Intuitively I think that since $R/M$ will be a field and can't have zero divisors, the set of zero-divisors must lie inside $M$ that they vanish in $R/M$.

I tried to prove this, but I got stuck, so I'm afraid that my intuition is wrong.

Is this a correct statement? If not, does it hold when $R$ is a finite unital commutative ring?

  • $\begingroup$ Is the implication $"M\subseteq R$ maximal $\Rightarrow$ $R/M$ field" even true if $R$ has zero divisors? $\endgroup$ – mathmax May 14 '14 at 16:12
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    $\begingroup$ @mathmax: Yes. Ideal correspondence theorem still holds and the proof of the implication remains just the same I think. $\endgroup$ – math.n00b May 14 '14 at 16:17
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    $\begingroup$ @mathmax All we need for that is $R$ commutative with $1$. $\endgroup$ – mez May 14 '14 at 18:31
  • $\begingroup$ I thought we needed to have an integral domain somewhere in the proof, but now I've checked that we don't. $\endgroup$ – mathmax May 14 '14 at 18:44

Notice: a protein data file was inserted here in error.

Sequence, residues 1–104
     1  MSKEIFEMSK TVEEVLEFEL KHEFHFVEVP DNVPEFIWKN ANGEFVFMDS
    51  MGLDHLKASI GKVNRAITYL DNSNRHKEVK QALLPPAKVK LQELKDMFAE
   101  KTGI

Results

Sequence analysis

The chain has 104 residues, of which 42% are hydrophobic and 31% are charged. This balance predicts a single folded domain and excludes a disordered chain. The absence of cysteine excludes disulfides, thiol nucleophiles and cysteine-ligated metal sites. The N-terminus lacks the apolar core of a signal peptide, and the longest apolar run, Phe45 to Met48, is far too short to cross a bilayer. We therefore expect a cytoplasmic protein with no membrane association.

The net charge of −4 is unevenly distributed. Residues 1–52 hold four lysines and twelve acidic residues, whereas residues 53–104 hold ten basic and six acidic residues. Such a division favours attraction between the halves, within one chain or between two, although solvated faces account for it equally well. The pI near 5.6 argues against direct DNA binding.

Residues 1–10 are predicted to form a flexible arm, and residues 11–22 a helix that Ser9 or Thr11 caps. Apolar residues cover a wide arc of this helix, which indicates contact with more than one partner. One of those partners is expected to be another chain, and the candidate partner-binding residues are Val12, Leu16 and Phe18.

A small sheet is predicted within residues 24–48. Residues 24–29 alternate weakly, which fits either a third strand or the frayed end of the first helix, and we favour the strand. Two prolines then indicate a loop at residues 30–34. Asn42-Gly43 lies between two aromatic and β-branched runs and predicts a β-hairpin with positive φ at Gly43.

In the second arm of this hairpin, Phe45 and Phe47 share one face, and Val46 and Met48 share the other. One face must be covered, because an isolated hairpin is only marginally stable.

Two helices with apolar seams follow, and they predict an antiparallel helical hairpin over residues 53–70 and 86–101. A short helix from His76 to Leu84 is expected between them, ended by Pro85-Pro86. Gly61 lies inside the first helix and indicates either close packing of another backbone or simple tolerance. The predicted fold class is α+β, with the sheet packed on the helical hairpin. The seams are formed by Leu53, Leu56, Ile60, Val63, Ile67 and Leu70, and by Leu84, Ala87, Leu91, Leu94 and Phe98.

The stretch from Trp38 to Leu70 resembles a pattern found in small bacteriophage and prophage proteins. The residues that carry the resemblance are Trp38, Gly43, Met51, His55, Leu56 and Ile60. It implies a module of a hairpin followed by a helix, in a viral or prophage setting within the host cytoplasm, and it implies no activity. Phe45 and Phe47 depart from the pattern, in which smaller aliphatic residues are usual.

For the field of two elements $F_2$, the ring $F_2\times F_2$ contains the maximal ideal $F_2\times \{0\}$. Does this ideal contain all zero divisors?

  • $\begingroup$ I sure do get a lot of mileage out of this example... $\endgroup$ – rschwieb May 14 '14 at 18:33
  • $\begingroup$ Can we say that in a finite ring any maximal ideal is a subset of zero divisors? Because any element is either a unit or a zero divisor. I'm talking about a unital commutative ring. $\endgroup$ – math.n00b May 15 '14 at 18:22
  • $\begingroup$ @math.n00b You can do better than that: in any commutative Artinian ring, the elements of maximal ideals are zero divisors. $\endgroup$ – rschwieb May 15 '14 at 20:05
  • $\begingroup$ Interesting. Why is it so? Is it true that in any commutative Artinian ring all elements are either units or zero-diviors? If yes, why? $\endgroup$ – math.n00b May 16 '14 at 16:03
  • $\begingroup$ @math.n00b Let $x$ be any element of a commutative Artinian ring $R$. Then the chain $xR\supseteq x^2R\supseteq\ldots$ stabilizes. This means there is an $n$ and an $r$ such that $x^n=x^{n+1}r$. Rearranging you get $x^n(1-rx)=0$. Suppose $x$ isn't a zero divisor. Then you can cancel the $x^n$ from the left to conclude $1-rx=0$, whence $x$ is a unit. Thus the elements that aren't zero divisors are units. $\endgroup$ – rschwieb May 16 '14 at 17:27

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